Editorial: Burst fractures
Christoph P. Hofstetter and Michael Y. Wang
Treatment of thoracolumbar trauma by short-segment percutaneous transpedicular screw instrumentation: prospective comparative study with a minimum 2-year follow-up
Petr Vanek, Ondrej Bradac, Renata Konopkova, Patricia de Lacy, Jiri Lacman, and Vladimir Benes
The main aim of this study was to compare clinical and radiological outcomes after stabilization by a percutaneous transpedicular system and stabilization from the standard open approach for thoracolumbar spine injury.
Thirty-seven consecutive patients were enrolled in the study over a period of 16 months. Patients were included in the study if they experienced 1 thoracolumbar fracture (A3.1–A3.3, according to the AO/Magerl classification), had an absence of neurological deficits, had no other significant injuries, and were willing to participate. Eighteen patients were treated by short-segment, minimally invasive, percutaneous pedicle screw instrumentation. The control group was composed of 19 patients who were stabilized using a short-segment transpedicular construct, which was performed through a standard midline incision. The pain profile was assessed by a visual analog scale (VAS), and overall satisfaction by a simple 4-stage scale relating to performance of daily activities. Working ability and return to original occupation were also monitored. Radiographic follow-up was defined by the vertebral body index (VBI), vertebral body angle (VBA), and bisegmental Cobb angle. The accuracy of screw placement was examined using CT.
The mean surgical duration in the percutaneous screw group was 53 ± 10 minutes, compared with 60 ± 9 minutes in the control group (p = 0.032). The percutaneous screw group had a significantly lower perioperative blood loss of 56 ± 17 ml, compared with 331 ± 149 ml in the control group (p < 0.001). Scores on the VAS in patients in the percutaneous screw group during the first 7 postoperative days were significantly lower than those in the control group (p < 0.001). There was no significant difference between groups in VBI, VBA, and Cobb angle values during follow-up. There was no significant difference in screw placement accuracy between the groups and no patients required surgical revision. There was no significant difference between groups in overall satisfaction at the 2-year follow-up (p = 0.402). Working ability was insignificantly better in the percutaneous screw group; previous working position was achieved in 17 patients in this group and in 12 cases in the control group (p = 0.088).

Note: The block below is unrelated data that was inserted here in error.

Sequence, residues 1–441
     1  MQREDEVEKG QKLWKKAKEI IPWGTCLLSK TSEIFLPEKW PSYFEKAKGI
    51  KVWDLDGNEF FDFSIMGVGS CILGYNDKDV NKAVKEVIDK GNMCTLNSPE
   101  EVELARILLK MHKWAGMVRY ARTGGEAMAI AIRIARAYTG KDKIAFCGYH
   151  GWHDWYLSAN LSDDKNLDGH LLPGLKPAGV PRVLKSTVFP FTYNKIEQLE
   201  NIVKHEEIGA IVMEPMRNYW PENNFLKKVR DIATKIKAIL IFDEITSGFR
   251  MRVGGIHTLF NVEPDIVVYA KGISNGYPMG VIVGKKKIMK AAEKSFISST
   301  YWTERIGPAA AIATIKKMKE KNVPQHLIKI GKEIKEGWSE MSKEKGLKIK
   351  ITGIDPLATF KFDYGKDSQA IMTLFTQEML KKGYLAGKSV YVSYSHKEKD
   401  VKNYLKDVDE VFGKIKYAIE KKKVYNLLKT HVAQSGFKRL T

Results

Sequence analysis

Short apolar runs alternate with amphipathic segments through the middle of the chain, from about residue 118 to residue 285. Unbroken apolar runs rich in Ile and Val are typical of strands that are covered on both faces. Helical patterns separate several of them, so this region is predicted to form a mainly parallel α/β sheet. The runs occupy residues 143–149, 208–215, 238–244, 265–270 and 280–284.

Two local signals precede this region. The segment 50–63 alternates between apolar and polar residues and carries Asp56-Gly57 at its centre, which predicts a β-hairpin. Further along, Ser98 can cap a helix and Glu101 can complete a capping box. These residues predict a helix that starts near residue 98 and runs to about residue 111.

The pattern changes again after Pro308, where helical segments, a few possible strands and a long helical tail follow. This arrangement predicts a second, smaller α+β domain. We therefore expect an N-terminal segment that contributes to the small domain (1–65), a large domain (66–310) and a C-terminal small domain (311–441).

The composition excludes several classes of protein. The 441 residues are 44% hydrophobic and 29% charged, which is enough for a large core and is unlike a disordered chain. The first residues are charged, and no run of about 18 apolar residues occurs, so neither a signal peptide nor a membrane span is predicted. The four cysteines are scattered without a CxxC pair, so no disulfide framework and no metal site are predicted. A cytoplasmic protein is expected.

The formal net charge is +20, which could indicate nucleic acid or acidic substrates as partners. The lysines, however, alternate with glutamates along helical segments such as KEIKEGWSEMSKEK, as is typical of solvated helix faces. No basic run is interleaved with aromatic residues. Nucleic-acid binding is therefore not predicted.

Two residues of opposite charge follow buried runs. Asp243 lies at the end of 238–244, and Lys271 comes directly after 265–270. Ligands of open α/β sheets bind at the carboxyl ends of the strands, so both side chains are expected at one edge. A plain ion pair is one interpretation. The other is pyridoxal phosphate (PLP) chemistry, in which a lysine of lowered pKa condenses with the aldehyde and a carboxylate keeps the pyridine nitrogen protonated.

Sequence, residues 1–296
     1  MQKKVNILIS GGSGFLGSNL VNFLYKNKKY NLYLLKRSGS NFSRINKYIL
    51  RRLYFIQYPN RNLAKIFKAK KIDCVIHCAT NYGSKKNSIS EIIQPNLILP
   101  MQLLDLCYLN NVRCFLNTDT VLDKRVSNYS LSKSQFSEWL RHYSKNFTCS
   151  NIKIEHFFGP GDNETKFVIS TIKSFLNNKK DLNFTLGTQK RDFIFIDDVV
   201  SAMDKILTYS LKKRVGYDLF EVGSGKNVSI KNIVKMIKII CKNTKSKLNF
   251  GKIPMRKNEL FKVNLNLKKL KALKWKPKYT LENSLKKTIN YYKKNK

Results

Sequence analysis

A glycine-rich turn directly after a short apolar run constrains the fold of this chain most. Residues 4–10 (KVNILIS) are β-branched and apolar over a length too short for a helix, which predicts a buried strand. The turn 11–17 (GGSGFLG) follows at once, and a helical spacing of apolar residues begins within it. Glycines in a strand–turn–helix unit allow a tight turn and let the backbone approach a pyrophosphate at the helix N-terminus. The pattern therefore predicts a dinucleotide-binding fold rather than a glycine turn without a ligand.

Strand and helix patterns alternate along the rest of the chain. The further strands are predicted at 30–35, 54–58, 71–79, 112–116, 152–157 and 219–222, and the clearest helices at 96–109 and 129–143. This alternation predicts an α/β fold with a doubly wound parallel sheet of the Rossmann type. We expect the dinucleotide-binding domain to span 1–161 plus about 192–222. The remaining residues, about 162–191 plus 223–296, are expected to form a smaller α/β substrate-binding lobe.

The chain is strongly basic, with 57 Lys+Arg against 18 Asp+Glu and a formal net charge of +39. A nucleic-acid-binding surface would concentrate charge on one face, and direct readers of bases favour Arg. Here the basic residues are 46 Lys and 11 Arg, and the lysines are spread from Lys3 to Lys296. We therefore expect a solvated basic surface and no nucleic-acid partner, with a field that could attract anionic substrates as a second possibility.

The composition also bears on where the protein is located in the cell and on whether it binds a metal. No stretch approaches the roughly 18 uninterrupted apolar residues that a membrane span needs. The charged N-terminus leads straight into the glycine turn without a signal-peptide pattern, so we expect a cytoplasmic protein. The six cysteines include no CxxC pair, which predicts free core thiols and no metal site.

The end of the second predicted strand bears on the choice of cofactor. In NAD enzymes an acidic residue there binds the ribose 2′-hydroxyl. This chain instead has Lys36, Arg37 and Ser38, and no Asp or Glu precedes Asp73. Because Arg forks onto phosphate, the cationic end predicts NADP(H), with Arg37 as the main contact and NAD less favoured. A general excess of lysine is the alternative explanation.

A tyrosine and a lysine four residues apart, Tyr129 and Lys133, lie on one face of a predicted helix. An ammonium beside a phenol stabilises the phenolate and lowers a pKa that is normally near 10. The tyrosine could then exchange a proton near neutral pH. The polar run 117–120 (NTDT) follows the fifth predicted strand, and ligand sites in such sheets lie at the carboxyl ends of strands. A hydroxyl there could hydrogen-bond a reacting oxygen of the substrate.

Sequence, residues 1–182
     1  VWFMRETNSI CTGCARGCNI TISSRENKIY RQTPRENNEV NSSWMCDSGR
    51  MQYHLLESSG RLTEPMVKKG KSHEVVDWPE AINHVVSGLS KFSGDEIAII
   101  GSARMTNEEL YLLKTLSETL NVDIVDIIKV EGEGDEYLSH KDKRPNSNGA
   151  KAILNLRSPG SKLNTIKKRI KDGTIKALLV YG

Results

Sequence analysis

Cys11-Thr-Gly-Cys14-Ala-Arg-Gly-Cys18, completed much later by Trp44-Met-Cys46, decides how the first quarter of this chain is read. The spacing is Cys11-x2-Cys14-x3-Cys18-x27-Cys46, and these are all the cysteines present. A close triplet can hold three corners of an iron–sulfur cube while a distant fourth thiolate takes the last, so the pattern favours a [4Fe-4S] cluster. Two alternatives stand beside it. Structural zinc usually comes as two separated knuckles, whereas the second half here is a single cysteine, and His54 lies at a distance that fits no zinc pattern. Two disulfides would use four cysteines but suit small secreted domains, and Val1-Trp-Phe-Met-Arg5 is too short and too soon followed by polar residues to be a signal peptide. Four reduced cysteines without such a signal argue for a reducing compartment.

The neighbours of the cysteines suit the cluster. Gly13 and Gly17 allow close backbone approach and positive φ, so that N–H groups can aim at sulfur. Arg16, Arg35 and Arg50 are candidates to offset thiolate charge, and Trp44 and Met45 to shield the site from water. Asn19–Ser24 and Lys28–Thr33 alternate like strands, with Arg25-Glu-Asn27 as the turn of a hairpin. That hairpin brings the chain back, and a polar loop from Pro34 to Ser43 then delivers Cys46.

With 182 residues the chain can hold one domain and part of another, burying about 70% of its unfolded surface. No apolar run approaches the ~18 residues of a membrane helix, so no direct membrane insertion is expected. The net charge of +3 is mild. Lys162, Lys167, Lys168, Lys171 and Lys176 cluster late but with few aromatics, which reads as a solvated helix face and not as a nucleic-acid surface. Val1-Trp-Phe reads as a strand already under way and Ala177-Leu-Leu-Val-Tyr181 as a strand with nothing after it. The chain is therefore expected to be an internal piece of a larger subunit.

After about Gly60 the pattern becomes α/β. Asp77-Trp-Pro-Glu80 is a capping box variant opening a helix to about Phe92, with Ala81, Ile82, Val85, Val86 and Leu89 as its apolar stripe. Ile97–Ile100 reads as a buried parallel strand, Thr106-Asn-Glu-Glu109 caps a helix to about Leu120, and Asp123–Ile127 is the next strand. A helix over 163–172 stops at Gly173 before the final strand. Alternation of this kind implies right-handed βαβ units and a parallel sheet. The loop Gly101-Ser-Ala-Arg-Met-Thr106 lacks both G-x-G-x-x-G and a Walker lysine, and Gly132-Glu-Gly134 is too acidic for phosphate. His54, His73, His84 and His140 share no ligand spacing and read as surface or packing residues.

This study confirms that the percutaneous transpedicular screw technique represents a viable option in the treatment of preselected thoracolumbar fractures. A significant reduction in blood loss, postoperative pain, and surgical time were the main advantages associated with this minimally invasive technique. Clinical, functional, and radiological results were at least the same as those achieved using the open technique after a 2-year follow-up. The short-term benefits of the percutaneous transpedicular screw technique are apparent, and long-term results have to be studied in other well-designed studies evaluating the theoretical benefit of the percutaneous technique and assessing whether the results of the latter are as durable as the ones achieved by open surgery.
Boosting phase-contrast MRI performance in idiopathic normal pressure hydrocephalus diagnostics by means of machine learning approach
Aleš Vlasák, Václav Gerla, Petr Skalický, Arnošt Mládek, Vojtěch Sedlák, Jiří Vrána, Helen Whitley, Lenka Lhotská, Vladimír Beneš Sr., Vladimír Beneš Jr., and Ondřej Bradáč
Phase-contrast MRI allows detailed measurements of various parameters of CSF motion. This examination is technically demanding and machine dependent. The literature on this topic is ambiguous. Machine learning (ML) approaches have already been successfully utilized in medical research, but none have yet been applied to enhance the results of CSF flowmetry. The aim of this study was to evaluate the possible contribution of ML algorithms in enhancing the utilization and results of MRI flowmetry in idiopathic normal pressure hydrocephalus (iNPH) diagnostics.
The study cohort consisted of 30 iNPH patients and 15 healthy controls examined on one MRI machine. All major phase-contrast parameters were inspected: peak positive, peak negative, and average velocities; peak amplitude; positive, negative, and average flow rates; and aqueductal area. The authors applied ML algorithms to 85 complex features calculated from a phase-contrast study.
The most distinctive parameters with p < 0.005 were the peak negative velocity, peak amplitude, and negative flow. From the ML algorithms, the Adaptive Boosting classifier showed the highest specificity and best discrimination potential overall, with 80.4% ± 2.9% accuracy, 72.0% ± 5.6% sensitivity, 84.7% ± 3.8% specificity, and 0.812 ± 0.047 area under the receiver operating characteristic curve (AUC). The highest sensitivity was 85.7% ± 5.6%, reached by the Gaussian Naive Bayes model, and the best AUC was 0.854 ± 0.028 by the Extra Trees classifier.
Feature extraction algorithms combined with ML approaches simplify the utilization of phase-contrast MRI. The highest-performing ML algorithm was Adaptive Boosting, which showed good calibration and discrimination on the testing data, with 80.4% accuracy, 72.0% sensitivity, 84.7% specificity, and 0.812 AUC. Phase-contrast MRI boosted by the ML approach can help to determine shunt-responsive iNPH patients.